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The Anti-Education Era: Creating Smarter Students through Digital Learning

3.70  ·  Rating details ·  151 ratings  ·  17 reviews
One of the first champions of the positive effects of gaming reveals the dark side of today's digital and social media


Today's schools are eager to use the latest technology in the classroom, but rather than improving learning, the new e-media can just as easily narrow students' horizons. Education innovator James Paul Gee first documented the educational benefits of gaming
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ebook, 256 pages
Published January 8th 2013 by St. Martin's Press
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Scott
Jul 07, 2013 rated it really liked it
“How to be Stupid” and “How to Get Smart Before it’s Too Late” - they sound like titles of tough-love self-help books, but are in reality two halves of a very thoughtful book on what is wrong with ourselves, our education, our “democracy” etc, and how to make it all better (nice and tidy in 215 pages, no less). From one of my favorite scholars I first read in graduate school, James Paul Gee, this holds no panacea for the educational crisis that faces us, yet holds some questions and answers desi ...more
Paul Signorelli
We won't find the terms personal learning networks (PLNs) or connected learning anywhere in James Paul Gee's wonderfully stimulating book "The Anti-Education Era." But his plea for greater collaboration, the use of what he calls "affinity spaces," and recognition that the combination of "human + tool" is a winning equation suggests that trainer-teacher-learners (and many others) are on the right track by developing those dynamic combinations of people and resources that help us cope with a world ...more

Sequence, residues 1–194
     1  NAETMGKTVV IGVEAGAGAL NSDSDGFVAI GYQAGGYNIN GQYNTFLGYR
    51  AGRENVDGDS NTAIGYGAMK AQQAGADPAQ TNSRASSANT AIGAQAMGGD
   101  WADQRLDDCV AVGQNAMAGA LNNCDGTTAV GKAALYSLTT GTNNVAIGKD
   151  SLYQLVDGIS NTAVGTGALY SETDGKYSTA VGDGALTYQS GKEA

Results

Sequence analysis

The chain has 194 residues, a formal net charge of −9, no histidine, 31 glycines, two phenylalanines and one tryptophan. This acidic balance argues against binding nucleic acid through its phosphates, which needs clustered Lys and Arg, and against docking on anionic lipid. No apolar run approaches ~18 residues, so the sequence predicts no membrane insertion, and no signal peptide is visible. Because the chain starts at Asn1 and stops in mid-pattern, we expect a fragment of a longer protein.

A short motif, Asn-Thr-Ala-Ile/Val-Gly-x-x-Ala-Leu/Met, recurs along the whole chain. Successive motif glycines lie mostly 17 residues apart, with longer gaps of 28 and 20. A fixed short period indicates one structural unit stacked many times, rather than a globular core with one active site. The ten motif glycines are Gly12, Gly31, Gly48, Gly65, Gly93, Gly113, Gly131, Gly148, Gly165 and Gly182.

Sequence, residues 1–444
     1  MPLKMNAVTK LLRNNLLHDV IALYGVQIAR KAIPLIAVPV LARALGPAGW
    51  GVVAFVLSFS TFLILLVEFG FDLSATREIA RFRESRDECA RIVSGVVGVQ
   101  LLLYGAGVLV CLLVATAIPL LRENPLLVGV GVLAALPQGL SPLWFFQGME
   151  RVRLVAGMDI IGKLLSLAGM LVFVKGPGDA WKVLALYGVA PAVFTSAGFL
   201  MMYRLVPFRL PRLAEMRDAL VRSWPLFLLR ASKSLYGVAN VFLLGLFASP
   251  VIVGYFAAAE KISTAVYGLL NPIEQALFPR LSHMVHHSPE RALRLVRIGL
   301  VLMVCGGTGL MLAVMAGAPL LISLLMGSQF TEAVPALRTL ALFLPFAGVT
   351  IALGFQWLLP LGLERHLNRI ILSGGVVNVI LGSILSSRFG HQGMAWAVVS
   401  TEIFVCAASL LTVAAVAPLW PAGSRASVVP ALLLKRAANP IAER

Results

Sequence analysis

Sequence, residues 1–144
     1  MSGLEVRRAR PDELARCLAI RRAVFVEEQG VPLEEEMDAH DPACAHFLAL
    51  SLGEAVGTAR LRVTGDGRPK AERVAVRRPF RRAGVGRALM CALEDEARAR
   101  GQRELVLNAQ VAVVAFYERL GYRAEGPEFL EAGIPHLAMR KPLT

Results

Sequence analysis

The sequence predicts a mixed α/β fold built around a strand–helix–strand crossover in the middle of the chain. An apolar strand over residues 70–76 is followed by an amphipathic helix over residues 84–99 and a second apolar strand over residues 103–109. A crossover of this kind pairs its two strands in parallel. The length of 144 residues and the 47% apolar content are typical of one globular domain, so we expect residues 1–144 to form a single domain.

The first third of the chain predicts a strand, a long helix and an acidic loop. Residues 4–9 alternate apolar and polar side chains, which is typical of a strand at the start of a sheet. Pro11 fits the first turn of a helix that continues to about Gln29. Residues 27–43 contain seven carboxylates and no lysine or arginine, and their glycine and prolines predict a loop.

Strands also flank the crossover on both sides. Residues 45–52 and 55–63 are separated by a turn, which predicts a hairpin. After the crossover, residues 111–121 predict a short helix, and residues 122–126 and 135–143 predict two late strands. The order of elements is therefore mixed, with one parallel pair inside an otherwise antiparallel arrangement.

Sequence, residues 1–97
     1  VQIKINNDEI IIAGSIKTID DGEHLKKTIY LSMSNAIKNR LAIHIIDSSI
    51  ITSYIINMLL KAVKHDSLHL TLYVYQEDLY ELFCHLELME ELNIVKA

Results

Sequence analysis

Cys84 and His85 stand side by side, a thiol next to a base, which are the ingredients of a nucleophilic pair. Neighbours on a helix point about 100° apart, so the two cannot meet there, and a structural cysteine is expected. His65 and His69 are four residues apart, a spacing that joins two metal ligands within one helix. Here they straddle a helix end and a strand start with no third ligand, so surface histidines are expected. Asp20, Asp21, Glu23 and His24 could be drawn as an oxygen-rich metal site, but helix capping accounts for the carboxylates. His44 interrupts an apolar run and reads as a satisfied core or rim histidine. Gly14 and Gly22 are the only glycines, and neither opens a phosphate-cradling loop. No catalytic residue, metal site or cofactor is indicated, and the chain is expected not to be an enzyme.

Ilib4kids
Feb 19, 2014 rated it really liked it
371.33 GEE

1984 by George Orwell

My comment: I think book title does not match the content of book, which address all sort of pitfalls which could make us stupid. Part 1: How to be stupid. Part 2: How to get smart before it's too late.

Do not quite agree with author's view which too much focus on practice, especially personal practice and experience.
e.g p46 ... Some will say: If you can just read, surely you can understand.... You do not need to have had any special experience here or know about n
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John  Hill
May 29, 2018 rated it it was amazing
I've been reading most of Professor Gee's more academic works on linguistics, discourse, multi-modality and the link between video games and reading, so this was a nice change of pace.

While still firmly in Gee's work on discourse and discourse analysis, Anti-Education Era is a much less academic book aimed at those outside of the ivory tower. Despite this, the points that Gee makes still hold quite a bit of water and tie back into his work in academia.

In this book, Gee does a good job at outli
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Jonie
Jan 08, 2019 rated it it was amazing
This review has been hidden because it contains spoilers. To view it, click here.